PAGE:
To determine whether or not particular grants may overlap with other grants and thus whether certain grants would be candidates for budget reductions or elimination from consideration for funding would require the determination of "actual duplication" prior to award and not "potential duplication" post-award, which is what is provided by GAO in this report. For example, if IACC were to determine that having more than one grant assigned to each objective in the IACC Strategic Plan constituted "potential duplication" and that, therefore, almost all grants awarded are "potentially duplicative," this would not give program officials enough specificity to help them identify actual instances of duplication that they would not have otherwise identified through the extensive processes they already use to determine duplication/grant overlap during the grant award process. Even if IACC further refined its analysis to identify several grants on the same general topic within an objective as "potential duplication," this type of information still would lack adequate specificity to be useful to agency officials who are involved in the grant award process.

IACC's Strategic Plan questions and objectives encompass broad and complex areas of research for which multiple agencies and projects, often using different approaches, would be expected and needed in order to achieve the desired progress and advances in the ASD field. Thus, evidence of multiple projects addressing a question within a field of research would not be deemed to be duplicative. While any time that more than one project is funded there is a potential for duplication, agency funding decisions would not be changed based on potential duplication. They would only be changed in cases of actual duplication, which may be defined as the same researchers requesting funding from more than one source to conduct the same aspects of the same project. Co-funding of the same project by two agencies, the same researcher conducting follow-on projects to a previously funded project, or two researchers addressing a similar question with different approaches would be examples of projects that could look related to a non-expert but are not considered to be overlap or actual duplication.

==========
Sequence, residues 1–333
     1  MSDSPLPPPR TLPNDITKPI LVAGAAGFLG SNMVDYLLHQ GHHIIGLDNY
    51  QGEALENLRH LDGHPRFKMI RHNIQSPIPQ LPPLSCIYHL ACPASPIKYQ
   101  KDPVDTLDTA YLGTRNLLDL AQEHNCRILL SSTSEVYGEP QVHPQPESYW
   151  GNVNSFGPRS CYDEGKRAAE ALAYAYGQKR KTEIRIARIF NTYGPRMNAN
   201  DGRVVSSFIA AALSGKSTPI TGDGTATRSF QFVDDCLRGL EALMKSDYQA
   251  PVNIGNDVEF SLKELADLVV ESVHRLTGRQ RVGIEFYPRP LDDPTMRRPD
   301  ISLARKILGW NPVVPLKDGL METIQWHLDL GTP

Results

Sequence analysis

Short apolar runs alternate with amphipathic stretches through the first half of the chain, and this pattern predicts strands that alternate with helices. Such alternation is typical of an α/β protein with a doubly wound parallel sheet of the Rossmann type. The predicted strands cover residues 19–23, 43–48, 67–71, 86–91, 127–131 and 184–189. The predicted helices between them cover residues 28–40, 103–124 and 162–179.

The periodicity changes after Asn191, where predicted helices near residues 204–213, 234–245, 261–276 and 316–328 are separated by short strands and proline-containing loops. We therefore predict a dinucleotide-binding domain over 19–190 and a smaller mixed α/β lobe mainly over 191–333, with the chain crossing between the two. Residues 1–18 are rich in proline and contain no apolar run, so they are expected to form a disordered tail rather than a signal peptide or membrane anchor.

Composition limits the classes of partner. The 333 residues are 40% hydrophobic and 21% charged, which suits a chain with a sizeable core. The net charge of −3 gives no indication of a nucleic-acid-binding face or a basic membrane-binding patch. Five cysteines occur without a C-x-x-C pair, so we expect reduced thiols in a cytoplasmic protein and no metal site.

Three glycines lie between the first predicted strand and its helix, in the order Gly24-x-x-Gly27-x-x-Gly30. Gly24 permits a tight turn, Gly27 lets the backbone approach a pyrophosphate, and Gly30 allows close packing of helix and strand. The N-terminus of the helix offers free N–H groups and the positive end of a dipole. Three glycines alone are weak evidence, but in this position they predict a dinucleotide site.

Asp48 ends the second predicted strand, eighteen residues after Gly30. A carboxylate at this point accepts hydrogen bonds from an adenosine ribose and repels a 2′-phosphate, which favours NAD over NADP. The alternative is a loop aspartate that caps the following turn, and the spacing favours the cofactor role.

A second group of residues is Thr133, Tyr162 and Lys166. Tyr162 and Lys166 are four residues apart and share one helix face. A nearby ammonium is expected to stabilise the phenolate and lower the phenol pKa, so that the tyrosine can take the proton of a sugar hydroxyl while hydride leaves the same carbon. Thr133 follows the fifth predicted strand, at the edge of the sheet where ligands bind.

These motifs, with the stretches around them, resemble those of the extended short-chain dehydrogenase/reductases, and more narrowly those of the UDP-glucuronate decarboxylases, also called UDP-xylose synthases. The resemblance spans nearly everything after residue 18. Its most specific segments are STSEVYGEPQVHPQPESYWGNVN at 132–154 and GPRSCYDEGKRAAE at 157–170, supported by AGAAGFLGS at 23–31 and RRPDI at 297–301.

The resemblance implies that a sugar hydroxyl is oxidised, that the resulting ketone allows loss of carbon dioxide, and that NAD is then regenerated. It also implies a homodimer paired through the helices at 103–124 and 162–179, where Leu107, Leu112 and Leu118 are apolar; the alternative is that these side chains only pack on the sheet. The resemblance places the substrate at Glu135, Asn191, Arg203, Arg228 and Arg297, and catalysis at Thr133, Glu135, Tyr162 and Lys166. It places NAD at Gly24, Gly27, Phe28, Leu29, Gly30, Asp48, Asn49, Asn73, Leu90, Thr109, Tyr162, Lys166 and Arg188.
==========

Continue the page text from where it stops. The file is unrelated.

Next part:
Determination of "actual duplication" or grant overlap requires detailed subject matter expertise that would allow an individual to distinguish related activities from duplicative activities and access to pre-award data during the period prior to when an award is made. Agency program officials have the responsibility to check each grant for potential overlap with other funding sources prior to award, and these officials have both the expertise and access to grant application data and federal databases, as well as the knowledge of federal rules and policies, that would be required to determine if actual overlap exists. In addition to these issues (lack of adequate subject matter expertise and lack of access to pre-award grant data) that would prevent IACC from being able to add an effective layer of information to the federal grant award process, the committee would be limited by the amount of time the members have in their meetings during the year to carry out such an effort.

IACC typically meets four to six times per year as a full committee (in addition to subcommittee and working group meetings) and is responsible for providing advice to the HI-IS Secretary, completing an annual update of the Strategic Plan, developing an annual summary of research advances, coordinating HHS activities; and monitoring federal activities. Monitoring federal activities includes not only the Portfolio Analysis effort but also interactions with external invited experts and discussion of agency activities during IACC meetings. Even if all future IACC meeting time were to be used solely to examine the ASD research portfolio, it would be unlikely that the committee could complete a more detailed analysis than that resulting from GAO's intensive one and a half year analysis, which identified only potential duplication. Such information that is limited to potential duplication would not provide an added value for program officials in their already extensive process to determine actual grant overlap prior to funding.